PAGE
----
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Year of entry: 2024
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Course unit details:
|Available as a free choice unit?
In this module students will learn the underlying methods, techniques and approaches to neighbourhood planning, they will be able to take a critical approach in understanding policy change in the field of planning, and understand the tensions and contesting ideas and values that different objectives can have in developing a spatial strategy in an applied context.
The module incorporates a strong practical element which is aimed at developing subject specific skills, such as the identification and use of appropriate data sources, as well as the preparation and presentation of an evidence base which remains a statutory requirement in local plan making. To ground the theoretical concepts introduced at the start of the module, examples of neighbourhood planning will be discussed in the lectures as well as the practical workshops.
- To introduce you to the complexity of developing strategic spatial strategies at local and neighbourhood scales.
- To develop planning and regeneration skills in socio-economic, environmental and policy analysis, and subsequently strategic site planning.
- To develop the approaches and techniques of wide-area spatial analysis, and to the presentation of issues and options for decision making.
- To explore imaginative approaches to problem solving in a neighbourhood context.
To critically examine policy change in relation to spatial planning at the local level.
Teaching and learning methods
Most of the teaching will take place in workshops and in the computer lab. You will be expect to contribute a lot of your own time in learning the appropriate computer skills, e.g. in GIS mapping and improving your data analysis skills in Excel.
Knowledge and understanding
- Demonstrate an awareness of the current context for local strategic planning.
- Be able to express an understanding of planning issues at various scales.
Be able to critically examine policy change and imperatives in relation to spatial planning and the different competing imperatives that influence neighbourhood planning.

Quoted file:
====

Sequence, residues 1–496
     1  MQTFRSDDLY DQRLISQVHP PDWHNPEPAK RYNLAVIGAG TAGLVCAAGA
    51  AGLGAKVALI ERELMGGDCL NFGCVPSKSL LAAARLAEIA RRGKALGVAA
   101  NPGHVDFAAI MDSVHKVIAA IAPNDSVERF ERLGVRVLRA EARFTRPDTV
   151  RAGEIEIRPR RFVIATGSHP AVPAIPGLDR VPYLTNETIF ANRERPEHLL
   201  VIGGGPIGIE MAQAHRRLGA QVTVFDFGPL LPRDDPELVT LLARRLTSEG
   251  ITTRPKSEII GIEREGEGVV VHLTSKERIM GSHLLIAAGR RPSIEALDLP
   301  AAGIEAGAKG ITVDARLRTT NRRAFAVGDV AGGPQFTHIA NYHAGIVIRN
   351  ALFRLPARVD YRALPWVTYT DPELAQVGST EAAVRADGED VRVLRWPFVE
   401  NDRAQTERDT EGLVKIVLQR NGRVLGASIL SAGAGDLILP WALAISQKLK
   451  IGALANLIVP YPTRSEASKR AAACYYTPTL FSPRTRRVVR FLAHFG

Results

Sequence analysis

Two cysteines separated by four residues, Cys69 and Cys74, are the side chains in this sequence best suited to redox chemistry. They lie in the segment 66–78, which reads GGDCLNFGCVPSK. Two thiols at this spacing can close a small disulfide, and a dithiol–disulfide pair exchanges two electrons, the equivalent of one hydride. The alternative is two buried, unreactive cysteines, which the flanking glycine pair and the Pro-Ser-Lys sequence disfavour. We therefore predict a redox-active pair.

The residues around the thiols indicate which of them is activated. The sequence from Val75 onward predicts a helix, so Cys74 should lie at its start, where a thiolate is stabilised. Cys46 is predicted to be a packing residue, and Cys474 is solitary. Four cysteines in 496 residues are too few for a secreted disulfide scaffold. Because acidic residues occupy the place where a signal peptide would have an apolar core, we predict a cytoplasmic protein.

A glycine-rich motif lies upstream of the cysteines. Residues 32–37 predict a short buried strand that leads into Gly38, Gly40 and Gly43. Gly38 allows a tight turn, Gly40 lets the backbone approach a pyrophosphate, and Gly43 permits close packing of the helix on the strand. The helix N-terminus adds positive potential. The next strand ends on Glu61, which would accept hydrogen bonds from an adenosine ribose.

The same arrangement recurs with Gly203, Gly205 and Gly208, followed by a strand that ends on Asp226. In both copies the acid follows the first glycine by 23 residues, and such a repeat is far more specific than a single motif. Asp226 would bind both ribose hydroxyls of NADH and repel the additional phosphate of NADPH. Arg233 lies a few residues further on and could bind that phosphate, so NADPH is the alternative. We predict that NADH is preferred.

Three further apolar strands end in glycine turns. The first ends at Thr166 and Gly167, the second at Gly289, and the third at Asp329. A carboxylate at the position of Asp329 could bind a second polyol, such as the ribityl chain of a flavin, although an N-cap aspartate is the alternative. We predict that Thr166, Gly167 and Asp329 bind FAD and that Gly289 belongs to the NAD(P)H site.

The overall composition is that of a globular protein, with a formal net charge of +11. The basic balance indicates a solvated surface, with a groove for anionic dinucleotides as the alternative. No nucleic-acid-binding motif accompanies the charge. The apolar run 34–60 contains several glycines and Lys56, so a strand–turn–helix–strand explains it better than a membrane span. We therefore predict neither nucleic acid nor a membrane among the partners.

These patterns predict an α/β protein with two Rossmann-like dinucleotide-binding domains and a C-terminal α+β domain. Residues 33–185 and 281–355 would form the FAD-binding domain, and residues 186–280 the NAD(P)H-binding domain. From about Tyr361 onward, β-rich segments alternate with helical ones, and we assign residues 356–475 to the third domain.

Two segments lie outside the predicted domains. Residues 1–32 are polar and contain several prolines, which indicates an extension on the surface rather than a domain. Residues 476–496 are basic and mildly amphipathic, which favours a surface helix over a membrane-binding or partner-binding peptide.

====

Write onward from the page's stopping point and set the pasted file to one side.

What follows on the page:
- Be able to express visions for strategic site assessment and development.
- Be able to develop coherent and realistic visioning strategies that are integrative in their scope and capable of imaginative and successful delivery.
- Be able to identify appropriate data sources to support local strategic planning.
- Be able to use small-area data to build neighbourhood socio-economic, environmental and demographic profiles
To analyse spatially referenced information.
Transferable skills and personal qualities
- Attain good competence in visual and spatial analysis techniques, demonstrate confidence in drafting reports, presenting complex information coherently and succinctly, develop critical skills in terms of understanding policy and practice.
Individual baseline report (2500 words) 50%
Group neighbourhood plan (4000-5000 words) 50%
As you progress through the module you will receive verbal feedback at the weekly sessions on specific aspects of the work you undertake. The Blackboard system will also provide feedback through the use of an FAQ section and joint learning by using the collaborative chat room and discussion forum. Substantive feedback on your assignments will be provided via TurnItIn.
DCLG (2012) Neighbourhood planning https://www.gov.uk/government/publications/neighbourhood-planning Accessed on 18/7/16.
Gallent, N., & Robinson, S. (2012) Neighbourhood Planning: Communities, Networks and Governance. Bristol: Policy Press.
Vigar, G., L. Brookes & Z. Gunn (2012) The innovative potential of neighbourhood plan¿making. Town & Country Planning. 81: 7/8, 317¿319.
|Scheduled activity hours
|Practical classes & workshops
|Independent study hours